My Millennial Story
Donating 10 inches of hair to charity and instantly feeling awesome: It inspired me to suggest this is how all nonprofits should handle donors.
This weekend, my life took a turn. A chapter in my life ended and a new one began. I didn’t get a new job. I didn’t move across the country. I didn’t have a traumatic experience or an exceptionally wonderful experience. And I certainly didn’t win the lottery. So how could my life change for in one weekend? After three years of growing it out, I cut off ten inches of hair and donated them.
As superficial as it sounds, my hair has been a part of who I am for the past several years. My father, who lost his nine-year battle with Multiple Myeloma last February, lost his hair a number of times. I always felt so blessed to have hair on my head, but also knew that my ability to grow a full head of hair is something that shouldn’t be taken for granted.
After the initial shock of cutting my hair, I grabbed my ponytails (two because I have a lot of hair), shoved them in a Ziplock bag, and got online to see where to send them. Organizations like Locks of Love, Children with Hair Loss, and Pantene’s Beautiful Lengths Campaign take hair donations and turn them into hair pieces and wigs to put beautiful hair back on the heads of underprivileged children and women who’ve lost their hair as a result of disease.
One thing these organizations do well, besides their entire cause, of course, is the instant gratification they give donors. I held the ponytails in my hands and knew in my heart that they’d be integrated into a wig on someone else’s head someday. And although most of these organizations don’t acknowledge your donation for a couple of months, you know it’s going to a great place.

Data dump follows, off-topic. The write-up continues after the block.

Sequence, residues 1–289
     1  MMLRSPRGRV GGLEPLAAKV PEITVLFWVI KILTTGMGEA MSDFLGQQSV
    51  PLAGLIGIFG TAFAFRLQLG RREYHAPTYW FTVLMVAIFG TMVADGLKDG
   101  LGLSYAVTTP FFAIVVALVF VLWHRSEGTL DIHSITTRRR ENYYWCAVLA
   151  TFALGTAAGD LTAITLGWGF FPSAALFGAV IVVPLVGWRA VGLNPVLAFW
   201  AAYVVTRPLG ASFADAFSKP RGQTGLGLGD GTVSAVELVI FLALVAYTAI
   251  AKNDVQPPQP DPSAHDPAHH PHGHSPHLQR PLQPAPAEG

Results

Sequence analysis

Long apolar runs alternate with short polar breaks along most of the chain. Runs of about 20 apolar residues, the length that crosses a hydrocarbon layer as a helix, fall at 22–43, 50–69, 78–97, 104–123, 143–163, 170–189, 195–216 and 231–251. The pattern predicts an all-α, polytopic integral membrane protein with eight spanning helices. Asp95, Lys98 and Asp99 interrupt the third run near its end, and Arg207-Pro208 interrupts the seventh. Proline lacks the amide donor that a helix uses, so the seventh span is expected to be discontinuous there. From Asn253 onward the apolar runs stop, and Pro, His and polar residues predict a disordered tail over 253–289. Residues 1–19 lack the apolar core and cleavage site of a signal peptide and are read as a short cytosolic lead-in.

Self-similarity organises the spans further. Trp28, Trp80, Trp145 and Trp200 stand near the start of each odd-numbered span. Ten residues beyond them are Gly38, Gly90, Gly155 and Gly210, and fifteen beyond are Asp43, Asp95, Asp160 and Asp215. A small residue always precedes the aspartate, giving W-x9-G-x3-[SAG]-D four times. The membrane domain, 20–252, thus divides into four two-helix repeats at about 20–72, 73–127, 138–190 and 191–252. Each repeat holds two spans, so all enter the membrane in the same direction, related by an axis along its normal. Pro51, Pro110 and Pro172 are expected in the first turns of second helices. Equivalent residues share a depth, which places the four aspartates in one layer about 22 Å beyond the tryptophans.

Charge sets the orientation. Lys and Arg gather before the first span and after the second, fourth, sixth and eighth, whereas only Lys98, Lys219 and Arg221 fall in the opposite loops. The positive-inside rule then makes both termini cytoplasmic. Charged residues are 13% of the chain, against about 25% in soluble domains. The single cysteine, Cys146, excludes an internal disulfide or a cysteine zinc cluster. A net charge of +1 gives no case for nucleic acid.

Instant gratification is something that is incredibly important to Millennials – and these days – virtually everyone. People like to see the impact they’re making, either with their physical efforts or with their financial efforts immediately. Here are a few great ways to give your donors instant gratification:
Ask for their Twitter handle and tweet them a thank you from your organization’s Twitter handle. Twitter is a great way to reach Millennials. We’re on it and we love getting emails and alerts that someone, especially a well-known nonprofit, have shared our Twitter handle with another network.
Code a real-time list of names, and potentially messages, of your most recent donors. If you keep this list rolling for a short period of time, the donor is likely to share the link with their network to show their name scrolling. Be sure to give donors the option to opt out of this feature.
Create giving levels with personal stories. If your organization can stretch dollars, show that to a donor. The Mid-Ohio Foodbank shares that with one donated dollar, it is able to distribute $11 worth of groceries to community food pantries. Donors can do the math to discover that their $10 donation is actually worth $110 of groceries.